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The Five Fs of Strategy
In the 1980s the Harvard strategy guru Michael Porter made a substantial impact with a number of groundbreaking articles and books: within a relatively short space of time the field of strategy had become a respected and very serious academic discipline. The total focus was on heavy analysis, logical processes and other elements of left-brain thinking. Whereas this was attractive to accountants, engineers and other mathematically inclined people, it also served to alienate many managers.
Nowadays, there is a much stronger emphasis on making strategy understandable and interesting (even exciting) to a wider target audience. To have the desired impact, strategy needs to have substance – and, at the same time – be sufficiently intuitive, creative, visual and have emotional appeal. Drawing on the writer’s thirty years of experience in the field, this article gives some practical tips and guidelines for making your strategy process more meaningful and value-adding.
Building strategy around the five Fs
When facilitating strategy workshops, I like to suggest that high-impact strategy is built around the following five f-words:
Firstly, one needs to decide upon (or review) the main focus of the organisation. Essentially, this amounts to asking – and answering – the question: What business do we want to be in? Many companies refer to this as their mission statement, and it is all about defining the breadth and depth of their proposed business activities. But beware – this is not always an easy thing to do.
A well-known manufacturer of commercial explosives, upon re-visiting their mission statement, realised that they were not so much in the business of manufacturing and marketing explosives as providing blasting solutions for their clients. For Harley-Davidson, the main focus is on lifestyle, excitement and adventure, rather than simply producing and selling motor-cycles.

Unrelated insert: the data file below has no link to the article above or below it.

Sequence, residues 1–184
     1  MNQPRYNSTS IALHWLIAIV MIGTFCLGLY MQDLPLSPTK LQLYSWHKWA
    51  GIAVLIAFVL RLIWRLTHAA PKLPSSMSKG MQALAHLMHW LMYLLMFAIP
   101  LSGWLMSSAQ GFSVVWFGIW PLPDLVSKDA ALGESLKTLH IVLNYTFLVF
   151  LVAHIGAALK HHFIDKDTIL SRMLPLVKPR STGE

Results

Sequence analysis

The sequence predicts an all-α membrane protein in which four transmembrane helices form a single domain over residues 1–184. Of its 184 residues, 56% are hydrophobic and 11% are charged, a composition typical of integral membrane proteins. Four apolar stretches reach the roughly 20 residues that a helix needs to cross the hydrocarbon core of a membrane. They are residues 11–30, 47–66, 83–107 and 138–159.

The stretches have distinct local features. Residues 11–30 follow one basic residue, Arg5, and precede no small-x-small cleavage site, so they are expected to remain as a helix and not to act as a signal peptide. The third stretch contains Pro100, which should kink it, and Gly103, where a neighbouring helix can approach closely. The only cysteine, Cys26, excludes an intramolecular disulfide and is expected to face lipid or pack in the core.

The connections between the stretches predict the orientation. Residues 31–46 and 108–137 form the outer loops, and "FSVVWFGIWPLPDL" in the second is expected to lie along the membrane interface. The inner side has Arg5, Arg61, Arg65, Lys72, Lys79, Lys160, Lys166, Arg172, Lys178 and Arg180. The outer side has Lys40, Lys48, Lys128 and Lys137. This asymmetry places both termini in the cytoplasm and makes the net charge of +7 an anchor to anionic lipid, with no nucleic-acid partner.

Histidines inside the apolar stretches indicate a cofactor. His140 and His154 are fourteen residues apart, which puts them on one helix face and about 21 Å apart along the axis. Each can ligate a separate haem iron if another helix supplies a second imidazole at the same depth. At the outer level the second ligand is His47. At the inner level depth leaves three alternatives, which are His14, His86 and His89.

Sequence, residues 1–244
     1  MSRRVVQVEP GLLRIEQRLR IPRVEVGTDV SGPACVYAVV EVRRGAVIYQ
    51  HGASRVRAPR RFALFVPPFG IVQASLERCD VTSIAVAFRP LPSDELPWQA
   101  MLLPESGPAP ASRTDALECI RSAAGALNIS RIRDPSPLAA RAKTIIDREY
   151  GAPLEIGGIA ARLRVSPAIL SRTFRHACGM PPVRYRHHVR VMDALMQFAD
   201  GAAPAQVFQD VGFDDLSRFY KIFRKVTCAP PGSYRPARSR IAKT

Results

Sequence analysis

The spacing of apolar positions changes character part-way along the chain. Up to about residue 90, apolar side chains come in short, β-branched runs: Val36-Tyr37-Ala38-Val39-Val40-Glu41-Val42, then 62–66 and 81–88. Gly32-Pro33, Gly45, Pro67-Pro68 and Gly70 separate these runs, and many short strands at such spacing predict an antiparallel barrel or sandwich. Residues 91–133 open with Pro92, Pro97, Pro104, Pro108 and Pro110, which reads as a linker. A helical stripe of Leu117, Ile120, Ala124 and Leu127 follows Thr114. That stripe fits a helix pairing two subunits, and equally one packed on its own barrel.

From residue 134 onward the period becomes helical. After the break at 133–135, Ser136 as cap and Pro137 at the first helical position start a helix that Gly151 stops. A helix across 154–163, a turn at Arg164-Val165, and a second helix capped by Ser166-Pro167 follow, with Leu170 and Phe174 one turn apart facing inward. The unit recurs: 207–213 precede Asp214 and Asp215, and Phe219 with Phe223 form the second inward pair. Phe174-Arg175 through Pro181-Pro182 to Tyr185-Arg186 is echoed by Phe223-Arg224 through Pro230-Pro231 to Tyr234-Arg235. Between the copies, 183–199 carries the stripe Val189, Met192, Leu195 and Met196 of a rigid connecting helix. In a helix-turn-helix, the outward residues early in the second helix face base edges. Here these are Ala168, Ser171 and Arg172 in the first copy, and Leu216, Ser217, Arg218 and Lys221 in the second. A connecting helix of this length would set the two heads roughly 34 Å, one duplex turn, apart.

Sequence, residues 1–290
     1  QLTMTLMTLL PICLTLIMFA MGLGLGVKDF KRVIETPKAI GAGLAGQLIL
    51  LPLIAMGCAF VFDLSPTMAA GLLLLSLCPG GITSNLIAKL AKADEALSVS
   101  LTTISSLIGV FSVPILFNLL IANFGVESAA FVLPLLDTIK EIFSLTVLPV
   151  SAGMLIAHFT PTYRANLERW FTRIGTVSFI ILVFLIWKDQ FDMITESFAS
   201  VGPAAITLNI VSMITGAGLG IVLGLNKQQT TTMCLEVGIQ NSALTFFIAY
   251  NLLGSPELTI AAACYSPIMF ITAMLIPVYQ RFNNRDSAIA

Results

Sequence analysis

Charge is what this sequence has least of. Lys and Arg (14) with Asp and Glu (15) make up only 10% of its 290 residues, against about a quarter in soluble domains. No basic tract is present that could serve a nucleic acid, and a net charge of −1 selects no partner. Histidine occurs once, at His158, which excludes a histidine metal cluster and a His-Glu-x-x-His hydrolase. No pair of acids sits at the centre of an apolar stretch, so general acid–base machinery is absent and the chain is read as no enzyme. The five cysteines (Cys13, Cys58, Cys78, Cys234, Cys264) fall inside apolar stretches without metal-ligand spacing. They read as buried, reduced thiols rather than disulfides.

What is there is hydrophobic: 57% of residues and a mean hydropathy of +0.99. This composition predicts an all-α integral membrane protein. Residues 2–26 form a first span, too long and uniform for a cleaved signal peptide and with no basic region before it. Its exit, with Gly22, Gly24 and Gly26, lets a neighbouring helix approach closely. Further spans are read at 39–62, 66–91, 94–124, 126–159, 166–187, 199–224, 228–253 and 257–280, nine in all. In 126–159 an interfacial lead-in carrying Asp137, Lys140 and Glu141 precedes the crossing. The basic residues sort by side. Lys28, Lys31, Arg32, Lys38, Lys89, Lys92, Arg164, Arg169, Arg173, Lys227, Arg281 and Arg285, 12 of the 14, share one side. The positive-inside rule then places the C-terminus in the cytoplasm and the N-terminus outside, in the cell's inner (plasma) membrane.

Some useful advice in this regard: focus on what you do best, and partner for the rest. In an interview conducted a few years ago, the late Steve Jobs reminds us that focus is not only about deciding what business you wish to be in, but – equally important – making explicit decisions about what business (or businesses) you do not wish to be in.
I also use the term focus in another sense: as the key outcome of the strategy formulation process, we identify a number of strategic thrusts, or critical areas, which the organisation must focus on. Importantly, these should be limited to at most five. (In Africa it has special meaning to talk about the ‘Big 5’.) If we identify too many strategic thrusts, they tend not to be taken seriously.
Follow-through relates to action and implementation. Many strategies fail due to a lack of follow-through. To quote Fortune magazine, less than 10% of strategies effectively formulated are effectively executed. The same magazine also conducted a major research project, with the following question at its core: What is the main reason CEOs fail? The research came up with a very clear answer: Lack of implementation.
Many business executives place too much emphasis on high-level strategy, on intellectualising and philosophising, and not enough on execution – this is essentially the discipline for meshing strategy with reality, aligning people and resources, and achieving the results promised.
For strategy to be successful, meaningful feedback needs to take place on an ongoing basis, ensuring that all key stakeholders are kept up-to-date. Often, this is where strategy breaks down.
Be robust, but flexible
Strategy is formulated and implemented in the context of a dynamic and rapidly-changing world. Upfront, a number of key assumptions and forecasts are made. If there are major surprises or substantial changes to key variables (such as the price of commodities, or the exchange rate), then the plans need to be amended accordingly. In other words, the strategy process needs to be robust, with a high degree of flexibility. Highly relevant is the following statement, included in a report published by the World Economic Forum a few years ago:
“We are moving from a world where the big eats the small to a world where the fast eat the slow.”
Leaders in an execution culture design strategies that are more road-maps than rigid paths enshrined in fat planning documents. That way they can respond quickly when the unexpected happens.
Lastly, there is the element of fun. Most strategy sessions are dull, boring and overly serious. This often results in standard, generic and uninspiring strategies. Importantly, strategy doesn’t only have to position, it also has to inspire. When strategy becomes fun and exciting, people want to become involved and the process is a lot more productive and value-adding.
In our next column, we will be discussing who to invite to a strategy workshop.